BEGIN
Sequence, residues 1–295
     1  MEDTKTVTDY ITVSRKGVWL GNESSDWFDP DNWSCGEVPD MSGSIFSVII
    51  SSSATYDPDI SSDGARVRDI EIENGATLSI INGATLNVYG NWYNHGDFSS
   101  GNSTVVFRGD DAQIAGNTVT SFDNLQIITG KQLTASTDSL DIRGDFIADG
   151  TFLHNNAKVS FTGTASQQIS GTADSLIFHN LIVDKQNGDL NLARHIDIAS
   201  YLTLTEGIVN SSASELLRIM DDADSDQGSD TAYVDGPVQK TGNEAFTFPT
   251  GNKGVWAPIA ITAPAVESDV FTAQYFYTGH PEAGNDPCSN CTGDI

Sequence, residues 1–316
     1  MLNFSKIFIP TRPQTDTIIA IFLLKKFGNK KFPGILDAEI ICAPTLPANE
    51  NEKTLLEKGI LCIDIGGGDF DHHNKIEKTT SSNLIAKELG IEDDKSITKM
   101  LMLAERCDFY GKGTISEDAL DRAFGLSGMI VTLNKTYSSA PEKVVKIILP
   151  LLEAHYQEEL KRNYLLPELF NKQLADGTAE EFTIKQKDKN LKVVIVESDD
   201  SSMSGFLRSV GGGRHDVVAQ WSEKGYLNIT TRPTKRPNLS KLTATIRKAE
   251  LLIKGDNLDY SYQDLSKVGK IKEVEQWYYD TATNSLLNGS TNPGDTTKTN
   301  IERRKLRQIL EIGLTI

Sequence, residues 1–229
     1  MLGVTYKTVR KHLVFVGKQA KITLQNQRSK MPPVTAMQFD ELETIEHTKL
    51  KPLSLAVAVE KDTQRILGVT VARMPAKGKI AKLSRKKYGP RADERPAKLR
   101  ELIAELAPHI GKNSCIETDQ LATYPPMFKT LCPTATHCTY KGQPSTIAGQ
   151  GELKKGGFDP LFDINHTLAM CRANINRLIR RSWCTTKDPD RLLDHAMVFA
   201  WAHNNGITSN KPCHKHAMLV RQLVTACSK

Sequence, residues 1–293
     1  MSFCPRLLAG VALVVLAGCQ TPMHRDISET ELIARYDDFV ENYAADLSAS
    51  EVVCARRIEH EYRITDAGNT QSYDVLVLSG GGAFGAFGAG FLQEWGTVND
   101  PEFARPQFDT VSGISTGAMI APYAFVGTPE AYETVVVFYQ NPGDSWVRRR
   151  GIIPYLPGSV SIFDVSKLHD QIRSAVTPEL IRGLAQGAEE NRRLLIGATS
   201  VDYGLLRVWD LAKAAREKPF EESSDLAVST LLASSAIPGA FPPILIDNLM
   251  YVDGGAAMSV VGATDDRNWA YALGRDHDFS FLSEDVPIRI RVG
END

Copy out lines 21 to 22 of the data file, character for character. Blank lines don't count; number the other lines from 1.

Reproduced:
   201  WAHNNGITSN KPCHKHAMLV RQLVTACSK

Sequence, residues 1–293